A King in Kilt: Charles III. Travel in Scotland

 A King in Kilt: Charles III.  Travel in Scotland

communication is a bit different

It is an open secret that Charles’ views may differ from those of the current Conservative government. A few months earlier, he revealed – at the time still the heir to the throne – that he thought the Tories’ plan to blow up asylum seekers in Rwanda was “sinister”. In his first speech as king, he expressed outright regret at not being able to support some of the concerns of his heart as before.

However, what is more interesting than disagreements is that the public should also find out about them. Royal experts speculated on Twitter that this would only be possible if Charles personally approved it. In the days of Queen Elizabeth II, people pondered endlessly about her personal opinion and perceived political allusions. But his strict restraint on these issues has become a trademark for decades.

The canceled climate mission is the first sign that Charles probably won’t even be charged in his new role. But it remains to be seen whether he risks an open confrontation with the government.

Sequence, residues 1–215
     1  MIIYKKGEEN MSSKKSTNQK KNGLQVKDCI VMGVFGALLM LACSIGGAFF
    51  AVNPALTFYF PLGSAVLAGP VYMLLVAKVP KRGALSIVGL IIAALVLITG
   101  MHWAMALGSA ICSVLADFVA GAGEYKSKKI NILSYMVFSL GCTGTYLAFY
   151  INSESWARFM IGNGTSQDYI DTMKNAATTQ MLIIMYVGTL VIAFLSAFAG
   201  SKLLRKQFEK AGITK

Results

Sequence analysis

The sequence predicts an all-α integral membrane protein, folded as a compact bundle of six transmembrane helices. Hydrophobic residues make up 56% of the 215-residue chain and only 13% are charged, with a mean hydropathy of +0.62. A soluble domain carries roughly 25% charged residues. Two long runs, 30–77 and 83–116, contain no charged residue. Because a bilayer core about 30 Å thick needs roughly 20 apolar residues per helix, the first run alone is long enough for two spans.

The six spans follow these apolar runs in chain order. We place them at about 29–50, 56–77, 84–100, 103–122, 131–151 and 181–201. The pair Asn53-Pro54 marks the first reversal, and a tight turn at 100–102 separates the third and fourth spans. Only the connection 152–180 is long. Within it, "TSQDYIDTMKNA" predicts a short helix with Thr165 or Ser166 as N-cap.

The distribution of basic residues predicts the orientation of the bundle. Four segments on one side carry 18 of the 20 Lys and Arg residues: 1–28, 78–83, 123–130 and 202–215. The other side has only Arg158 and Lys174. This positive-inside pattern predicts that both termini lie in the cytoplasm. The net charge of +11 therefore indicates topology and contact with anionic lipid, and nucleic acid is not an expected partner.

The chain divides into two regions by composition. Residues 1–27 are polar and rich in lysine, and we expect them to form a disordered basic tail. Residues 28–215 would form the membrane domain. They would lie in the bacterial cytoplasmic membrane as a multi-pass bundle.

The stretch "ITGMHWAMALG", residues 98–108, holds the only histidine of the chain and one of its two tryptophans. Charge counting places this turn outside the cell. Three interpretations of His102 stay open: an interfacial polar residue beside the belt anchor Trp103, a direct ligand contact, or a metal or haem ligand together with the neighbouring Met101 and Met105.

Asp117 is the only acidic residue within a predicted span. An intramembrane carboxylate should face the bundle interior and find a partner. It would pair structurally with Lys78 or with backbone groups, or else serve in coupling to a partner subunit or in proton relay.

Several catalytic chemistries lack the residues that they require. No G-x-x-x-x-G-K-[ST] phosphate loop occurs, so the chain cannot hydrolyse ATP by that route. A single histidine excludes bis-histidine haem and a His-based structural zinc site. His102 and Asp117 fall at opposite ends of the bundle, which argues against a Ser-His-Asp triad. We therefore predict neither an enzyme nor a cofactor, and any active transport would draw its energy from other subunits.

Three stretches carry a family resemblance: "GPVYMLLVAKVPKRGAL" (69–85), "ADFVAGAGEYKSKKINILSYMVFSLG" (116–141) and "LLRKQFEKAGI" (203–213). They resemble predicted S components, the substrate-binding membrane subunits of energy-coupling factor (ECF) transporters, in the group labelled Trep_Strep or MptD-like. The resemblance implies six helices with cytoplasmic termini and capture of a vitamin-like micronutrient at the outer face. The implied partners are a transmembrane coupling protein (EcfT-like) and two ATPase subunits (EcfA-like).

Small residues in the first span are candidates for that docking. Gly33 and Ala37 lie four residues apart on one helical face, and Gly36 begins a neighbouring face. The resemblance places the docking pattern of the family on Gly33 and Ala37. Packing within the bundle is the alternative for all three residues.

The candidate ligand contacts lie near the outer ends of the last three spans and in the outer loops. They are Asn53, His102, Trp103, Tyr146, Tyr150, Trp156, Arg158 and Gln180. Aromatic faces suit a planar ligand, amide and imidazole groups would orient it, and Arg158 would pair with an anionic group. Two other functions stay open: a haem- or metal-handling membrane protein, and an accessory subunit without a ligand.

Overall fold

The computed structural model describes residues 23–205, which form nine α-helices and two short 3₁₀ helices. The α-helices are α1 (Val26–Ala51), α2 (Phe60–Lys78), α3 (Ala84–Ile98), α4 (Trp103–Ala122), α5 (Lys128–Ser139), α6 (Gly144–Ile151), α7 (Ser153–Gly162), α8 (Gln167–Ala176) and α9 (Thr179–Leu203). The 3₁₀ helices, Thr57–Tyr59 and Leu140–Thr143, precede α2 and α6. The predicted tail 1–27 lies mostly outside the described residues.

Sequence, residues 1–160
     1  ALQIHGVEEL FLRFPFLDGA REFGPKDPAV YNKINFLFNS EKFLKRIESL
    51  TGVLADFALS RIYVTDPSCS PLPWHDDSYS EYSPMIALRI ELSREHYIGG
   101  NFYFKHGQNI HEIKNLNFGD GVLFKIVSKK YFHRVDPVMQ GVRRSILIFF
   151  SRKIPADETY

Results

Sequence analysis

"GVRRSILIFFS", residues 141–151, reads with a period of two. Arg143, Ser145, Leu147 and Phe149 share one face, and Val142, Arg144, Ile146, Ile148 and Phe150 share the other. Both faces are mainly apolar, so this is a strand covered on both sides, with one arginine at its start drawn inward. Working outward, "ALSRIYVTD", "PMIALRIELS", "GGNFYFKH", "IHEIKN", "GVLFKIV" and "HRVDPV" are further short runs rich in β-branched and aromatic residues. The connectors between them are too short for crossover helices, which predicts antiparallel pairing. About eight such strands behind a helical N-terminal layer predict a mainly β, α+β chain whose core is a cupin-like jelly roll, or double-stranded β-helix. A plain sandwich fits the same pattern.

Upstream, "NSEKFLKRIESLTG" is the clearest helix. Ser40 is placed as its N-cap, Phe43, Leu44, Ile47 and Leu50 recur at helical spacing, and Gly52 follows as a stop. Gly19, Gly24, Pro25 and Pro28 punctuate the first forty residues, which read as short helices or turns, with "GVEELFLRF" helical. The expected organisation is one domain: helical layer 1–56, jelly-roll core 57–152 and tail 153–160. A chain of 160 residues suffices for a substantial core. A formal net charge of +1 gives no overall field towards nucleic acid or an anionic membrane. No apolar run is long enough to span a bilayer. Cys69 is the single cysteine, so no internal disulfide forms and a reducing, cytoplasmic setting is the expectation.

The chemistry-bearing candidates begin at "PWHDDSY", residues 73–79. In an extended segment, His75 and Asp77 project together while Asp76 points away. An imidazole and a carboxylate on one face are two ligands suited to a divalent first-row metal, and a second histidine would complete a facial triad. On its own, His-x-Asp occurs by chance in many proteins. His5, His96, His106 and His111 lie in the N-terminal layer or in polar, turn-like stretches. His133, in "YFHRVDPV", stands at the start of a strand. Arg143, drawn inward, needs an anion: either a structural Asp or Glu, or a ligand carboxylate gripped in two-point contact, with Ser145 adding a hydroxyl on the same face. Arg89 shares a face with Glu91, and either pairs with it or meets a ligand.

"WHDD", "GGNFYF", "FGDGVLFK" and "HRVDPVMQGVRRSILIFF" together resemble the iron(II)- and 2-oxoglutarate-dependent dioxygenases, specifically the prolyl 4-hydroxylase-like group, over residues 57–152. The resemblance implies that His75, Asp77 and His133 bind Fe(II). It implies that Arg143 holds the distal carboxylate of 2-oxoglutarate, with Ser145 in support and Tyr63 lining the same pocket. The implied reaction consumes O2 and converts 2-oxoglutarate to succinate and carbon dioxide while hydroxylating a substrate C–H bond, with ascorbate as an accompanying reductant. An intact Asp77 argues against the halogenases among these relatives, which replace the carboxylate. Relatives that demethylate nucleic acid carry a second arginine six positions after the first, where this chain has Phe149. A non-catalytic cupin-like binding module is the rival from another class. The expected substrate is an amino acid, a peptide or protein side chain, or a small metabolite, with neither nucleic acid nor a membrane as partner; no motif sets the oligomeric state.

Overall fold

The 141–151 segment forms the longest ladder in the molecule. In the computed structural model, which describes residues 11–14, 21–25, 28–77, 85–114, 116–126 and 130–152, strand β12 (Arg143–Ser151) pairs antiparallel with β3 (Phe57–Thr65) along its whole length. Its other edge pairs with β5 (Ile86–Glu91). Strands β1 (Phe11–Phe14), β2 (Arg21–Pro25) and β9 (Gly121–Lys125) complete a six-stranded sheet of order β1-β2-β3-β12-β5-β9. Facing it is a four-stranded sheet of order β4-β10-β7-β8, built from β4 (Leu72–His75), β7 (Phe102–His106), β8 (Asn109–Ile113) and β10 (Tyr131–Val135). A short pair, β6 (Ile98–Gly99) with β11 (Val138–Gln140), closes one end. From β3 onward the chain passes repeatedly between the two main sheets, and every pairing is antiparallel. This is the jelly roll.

During his visit to Dunfermline, Charles also gave hints – albeit more subtle. Dressed in a blue and green checkered kilt, typical of the country, he congratulated the place on its new status as a free city, and recalled that a “deep love for Scotland” was the foundation of his mother’s life, something that died. Gone several weeks ago.

Charles emphasized the role of Scotland in the kingdom

The fact that Charles is the first to appear in the northernmost part of Britain is probably not only due to the fact that he spent extended periods of mourning there. It is also considered to belong to the Kingdom of Scotland and a strong sign of its solidarity. Hundreds of spectators gladly welcomed the royal couple on the rocky streets of Dunfermline, about 30 kilometers northwest of Edinburgh. Charles and Camilla also visited a medieval church there, where several previous Scottish kings were buried.

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Later, the royal couple wanted to host people from Indian, Pakistani and other Asian communities representing Britain in Scotland at Holyrood Palace, the royal residence of Scotland. “It is very important to them,” commented historian Anthony Seldon, according to the BBC. “He wants to be accepted by all religions and groups and to be a unified individual.” Especially in turbulent political times, the emperor wants to be an institution that opposes divisive forces.


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